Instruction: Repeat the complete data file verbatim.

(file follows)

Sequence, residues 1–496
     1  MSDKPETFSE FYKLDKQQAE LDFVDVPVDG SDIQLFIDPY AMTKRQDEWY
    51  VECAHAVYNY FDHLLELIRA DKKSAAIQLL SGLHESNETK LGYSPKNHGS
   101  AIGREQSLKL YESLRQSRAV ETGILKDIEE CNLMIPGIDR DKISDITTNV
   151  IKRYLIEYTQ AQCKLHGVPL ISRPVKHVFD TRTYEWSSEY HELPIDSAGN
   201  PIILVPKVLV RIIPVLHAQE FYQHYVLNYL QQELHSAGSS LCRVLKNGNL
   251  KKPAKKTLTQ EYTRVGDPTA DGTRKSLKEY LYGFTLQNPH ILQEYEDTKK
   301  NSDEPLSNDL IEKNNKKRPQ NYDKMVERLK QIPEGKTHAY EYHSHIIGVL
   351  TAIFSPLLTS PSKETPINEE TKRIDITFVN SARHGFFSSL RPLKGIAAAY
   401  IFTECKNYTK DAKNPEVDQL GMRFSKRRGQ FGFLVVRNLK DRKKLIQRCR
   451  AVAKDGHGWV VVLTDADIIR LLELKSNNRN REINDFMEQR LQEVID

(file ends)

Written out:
Sequence, residues 1–496
     1  MSDKPETFSE FYKLDKQQAE LDFVDVPVDG SDIQLFIDPY AMTKRQDEWY
    51  VECAHAVYNY FDHLLELIRA DKKSAAIQLL SGLHESNETK LGYSPKNHGS
   101  AIGREQSLKL YESLRQSRAV ETGILKDIEE CNLMIPGIDR DKISDITTNV
   151  IKRYLIEYTQ AQCKLHGVPL ISRPVKHVFD TRTYEWSSEY HELPIDSAGN
   201  PIILVPKVLV RIIPVLHAQE FYQHYVLNYL QQELHSAGSS LCRVLKNGNL
   251  KKPAKKTLTQ EYTRVGDPTA DGTRKSLKEY LYGFTLQNPH ILQEYEDTKK
   301  NSDEPLSNDL IEKNNKKRPQ NYDKMVERLK QIPEGKTHAY EYHSHIIGVL
   351  TAIFSPLLTS PSKETPINEE TKRIDITFVN SARHGFFSSL RPLKGIAAAY
   401  IFTECKNYTK DAKNPEVDQL GMRFSKRRGQ FGFLVVRNLK DRKKLIQRCR
   451  AVAKDGHGWV VVLTDADIIR LLELKSNNRN REINDFMEQR LQEVID